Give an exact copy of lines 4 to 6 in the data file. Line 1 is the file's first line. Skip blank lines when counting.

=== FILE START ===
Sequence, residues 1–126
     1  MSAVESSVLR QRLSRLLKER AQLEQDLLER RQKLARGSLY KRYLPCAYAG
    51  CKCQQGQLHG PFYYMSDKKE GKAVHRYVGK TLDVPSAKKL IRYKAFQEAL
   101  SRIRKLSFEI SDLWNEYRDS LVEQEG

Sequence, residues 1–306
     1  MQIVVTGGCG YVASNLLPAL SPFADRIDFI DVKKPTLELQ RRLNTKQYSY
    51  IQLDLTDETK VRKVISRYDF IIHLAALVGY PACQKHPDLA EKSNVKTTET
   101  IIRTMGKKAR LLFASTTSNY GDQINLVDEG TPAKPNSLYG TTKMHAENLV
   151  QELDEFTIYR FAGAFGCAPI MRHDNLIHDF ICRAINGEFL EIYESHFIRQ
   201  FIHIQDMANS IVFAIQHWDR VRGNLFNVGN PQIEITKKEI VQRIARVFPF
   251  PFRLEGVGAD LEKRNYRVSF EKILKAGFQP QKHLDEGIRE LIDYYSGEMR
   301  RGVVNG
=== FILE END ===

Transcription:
   101  SRIRKLSFEI SDLWNEYRDS LVEQEG

Sequence, residues 1–306
     1  MQIVVTGGCG YVASNLLPAL SPFADRIDFI DVKKPTLELQ RRLNTKQYSY